What is body insecurity?
If you have a distorted or negative body image, you may also suffer from body insecurity. It usually causes an unrealistic view of how you see your body. People of all genders can struggle with body insecurity.
The four aspects of body image
- Perceptual: The way you see yourself, which is not always an accurate representation of how you appear to others.
- Affective: The way you feel about the way you look, concerning your weight, shape, and appearance.
- Cognitive: The thoughts and beliefs you have about your body e.g. I would feel better about myself if I was thinner.
- Behavioral: The things you do concerning how you perceive yourself e.g. if you’re insecure about your body you may engage in destructive behaviors, such as disordered eating and excessive exercise in the hope it will change how you see yourself. Or you may isolate yourself from others as you’re embarrassed about how you look. (3)
Research shows that body insecurity can lead to mentally and physically unhealthy habits, which can include: (4)
- Disordered eating, including restriction, binging, and purging behaviors
- Body dysmorphic disorder
- Low self-esteem
- Relationship issues
- Self-harming behaviors
- Muscle dysmorphia
What are the causes?
Body image is complex, rarely being as simple as “I like” or “I don’t like” my body. You begin forming your perceptions about your body’s health, functionality, acceptability, and attractiveness in early childhood. (2) Your body image continues to evolve as you age and is influenced by feedback from family, peers, friends, etc.
Several factors usually contribute to the development of body insecurity. In today’s society, the media plays a key role in how people perceive themselves. Through TV, the internet, magazines, and advertising, people are bombarded with images of unrealistic and unattainable beauty standards.
These stylized and heavily edited pictures promote image and body ideals which reaffirm that within our culture, for women, thin is beautiful, and for men, lean and muscular is the ideal body shape. People who are non-binary or other genders may also feel pressure to be thin and/or have no curves to fit a narrow stereotype of androgyny. It sends the message that if you don’t fit these ideals, then you should be dissatisfied with your body.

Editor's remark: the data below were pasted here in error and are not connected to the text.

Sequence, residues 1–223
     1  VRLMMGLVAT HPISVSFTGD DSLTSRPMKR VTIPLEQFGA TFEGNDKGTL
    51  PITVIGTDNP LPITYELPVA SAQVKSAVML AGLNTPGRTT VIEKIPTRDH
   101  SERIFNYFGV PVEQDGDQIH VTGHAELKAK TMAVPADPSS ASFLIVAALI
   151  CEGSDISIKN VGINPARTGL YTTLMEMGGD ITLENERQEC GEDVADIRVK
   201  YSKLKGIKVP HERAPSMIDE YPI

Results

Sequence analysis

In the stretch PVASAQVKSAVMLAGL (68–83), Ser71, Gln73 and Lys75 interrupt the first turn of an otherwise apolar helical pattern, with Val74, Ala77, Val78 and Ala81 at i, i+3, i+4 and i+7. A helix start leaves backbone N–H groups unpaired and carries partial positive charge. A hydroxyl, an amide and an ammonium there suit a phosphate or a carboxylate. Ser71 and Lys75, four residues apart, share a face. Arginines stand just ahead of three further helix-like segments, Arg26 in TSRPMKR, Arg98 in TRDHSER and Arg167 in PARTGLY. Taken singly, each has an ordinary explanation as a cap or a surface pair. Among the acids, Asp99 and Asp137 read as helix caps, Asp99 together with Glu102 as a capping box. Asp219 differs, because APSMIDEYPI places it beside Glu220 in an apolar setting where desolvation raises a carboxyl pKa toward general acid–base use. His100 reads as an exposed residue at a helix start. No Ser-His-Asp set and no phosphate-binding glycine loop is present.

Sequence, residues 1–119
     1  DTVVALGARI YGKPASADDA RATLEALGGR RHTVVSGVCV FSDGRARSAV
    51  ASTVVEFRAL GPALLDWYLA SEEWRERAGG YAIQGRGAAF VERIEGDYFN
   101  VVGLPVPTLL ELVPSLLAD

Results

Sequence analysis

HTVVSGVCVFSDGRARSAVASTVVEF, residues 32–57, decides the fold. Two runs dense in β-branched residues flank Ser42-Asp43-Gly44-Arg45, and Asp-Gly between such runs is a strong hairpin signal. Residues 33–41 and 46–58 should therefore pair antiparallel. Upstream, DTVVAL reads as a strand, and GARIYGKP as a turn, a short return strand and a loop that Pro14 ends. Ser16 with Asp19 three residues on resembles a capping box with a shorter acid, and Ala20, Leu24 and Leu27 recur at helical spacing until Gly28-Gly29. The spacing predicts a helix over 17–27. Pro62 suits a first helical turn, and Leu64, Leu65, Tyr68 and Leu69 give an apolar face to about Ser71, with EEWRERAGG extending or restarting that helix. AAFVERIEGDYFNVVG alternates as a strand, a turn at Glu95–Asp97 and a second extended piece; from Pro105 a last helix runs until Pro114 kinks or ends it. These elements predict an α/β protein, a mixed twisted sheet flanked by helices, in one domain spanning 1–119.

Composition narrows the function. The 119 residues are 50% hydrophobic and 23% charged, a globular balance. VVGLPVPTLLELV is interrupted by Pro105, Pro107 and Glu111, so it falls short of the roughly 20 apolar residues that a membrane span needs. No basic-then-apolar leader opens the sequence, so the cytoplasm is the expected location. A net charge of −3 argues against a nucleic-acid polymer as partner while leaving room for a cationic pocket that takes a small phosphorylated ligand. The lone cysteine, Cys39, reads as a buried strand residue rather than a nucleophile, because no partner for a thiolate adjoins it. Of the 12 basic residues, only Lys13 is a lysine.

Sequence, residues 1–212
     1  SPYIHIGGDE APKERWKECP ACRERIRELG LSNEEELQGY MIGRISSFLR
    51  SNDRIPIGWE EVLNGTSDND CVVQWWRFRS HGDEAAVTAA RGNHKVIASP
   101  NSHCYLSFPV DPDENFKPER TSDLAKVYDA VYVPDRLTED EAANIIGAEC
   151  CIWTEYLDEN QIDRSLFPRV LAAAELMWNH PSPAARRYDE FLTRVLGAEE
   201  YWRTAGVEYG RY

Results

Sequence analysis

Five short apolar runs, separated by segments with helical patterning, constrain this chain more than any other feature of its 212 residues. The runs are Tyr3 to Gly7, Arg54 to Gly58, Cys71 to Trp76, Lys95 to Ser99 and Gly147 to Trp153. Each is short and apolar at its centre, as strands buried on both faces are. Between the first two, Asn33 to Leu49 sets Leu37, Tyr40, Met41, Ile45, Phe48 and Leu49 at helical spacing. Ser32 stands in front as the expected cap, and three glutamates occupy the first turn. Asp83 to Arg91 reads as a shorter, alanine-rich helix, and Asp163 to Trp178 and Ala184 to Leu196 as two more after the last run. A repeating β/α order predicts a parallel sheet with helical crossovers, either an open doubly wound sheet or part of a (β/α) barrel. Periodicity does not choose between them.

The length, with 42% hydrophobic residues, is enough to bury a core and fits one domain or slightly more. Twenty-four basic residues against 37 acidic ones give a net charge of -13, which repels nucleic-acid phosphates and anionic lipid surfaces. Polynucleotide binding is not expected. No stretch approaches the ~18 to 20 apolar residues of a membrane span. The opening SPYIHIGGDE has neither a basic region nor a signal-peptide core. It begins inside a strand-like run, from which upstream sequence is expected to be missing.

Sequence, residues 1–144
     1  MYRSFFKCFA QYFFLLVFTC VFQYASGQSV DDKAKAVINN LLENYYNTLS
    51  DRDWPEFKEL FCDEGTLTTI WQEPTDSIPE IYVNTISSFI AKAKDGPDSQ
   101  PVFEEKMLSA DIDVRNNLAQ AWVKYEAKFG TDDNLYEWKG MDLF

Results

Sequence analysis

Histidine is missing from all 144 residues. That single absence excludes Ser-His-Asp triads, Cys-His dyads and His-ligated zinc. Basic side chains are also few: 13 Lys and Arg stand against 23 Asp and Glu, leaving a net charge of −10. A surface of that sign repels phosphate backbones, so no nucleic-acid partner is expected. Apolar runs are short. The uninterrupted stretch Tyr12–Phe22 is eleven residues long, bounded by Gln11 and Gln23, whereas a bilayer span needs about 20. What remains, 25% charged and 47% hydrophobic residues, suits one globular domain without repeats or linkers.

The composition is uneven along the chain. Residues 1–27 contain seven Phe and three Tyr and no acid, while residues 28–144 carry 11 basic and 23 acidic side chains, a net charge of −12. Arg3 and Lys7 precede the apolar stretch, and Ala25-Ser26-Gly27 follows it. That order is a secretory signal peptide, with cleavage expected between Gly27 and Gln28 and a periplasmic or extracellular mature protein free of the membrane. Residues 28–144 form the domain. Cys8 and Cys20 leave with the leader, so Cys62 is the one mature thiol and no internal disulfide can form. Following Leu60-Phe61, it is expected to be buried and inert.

Other factors that may contribute to body insecurity include: (2,3)
- Gender: Adolescent girls are generally believed to have higher levels of body insecurity. However, recent research has shown that levels of body satisfaction in adolescent boys are rapidly approaching those of girls. People who are intersex, transgender, and/or non-binary also have high levels of body insecurity, which can also be caused by experiences of gender dysphoria.
- Age: Late childhood and adolescence are particularly crucial periods when it comes to forming beliefs about body image. However, body insecurity can affect people throughout their lifetime.
- Certain personality traits: People with perfectionist tendencies, high achievers, or those with rigid thinking are at higher risk of developing body insecurity.
- Appearance teasing: Those who have been previously mocked for their appearance - particularly body size - regardless of their actual weight and shape, are at greater risk of developing body insecurity.
- Family history: Individuals growing up in an environment where family members regularly diet to lose weight or talk badly about their bodies are more likely to also be insecure about their body.
- Certain mental health issues: People with anxiety disorders, obsessive-compulsive disorder, and depression, are more likely to have a negative body image.
What are the signs?
If you’re wondering if you’re suffering from body insecurity, consider the following questions:
- Do you go to extreme lengths to avoid seeing your body?
- Do you obsessively self-scrutinize in mirrors?
- Do you frequently compare your shape and size to others or envy other people’s bodies?
- Do you often think disparaging thoughts about your own body?
- Do you compulsively check your body e.g. weighing yourself or taking body measurements?
- Do your feelings about your body impact your relationships or day-to-day lives
- Do you wear baggy clothing to hide your body?
If you answered yes to one or more questions, it’s likely that you have body insecurity and may want to consider talking to a therapist before your issues around your body escalate.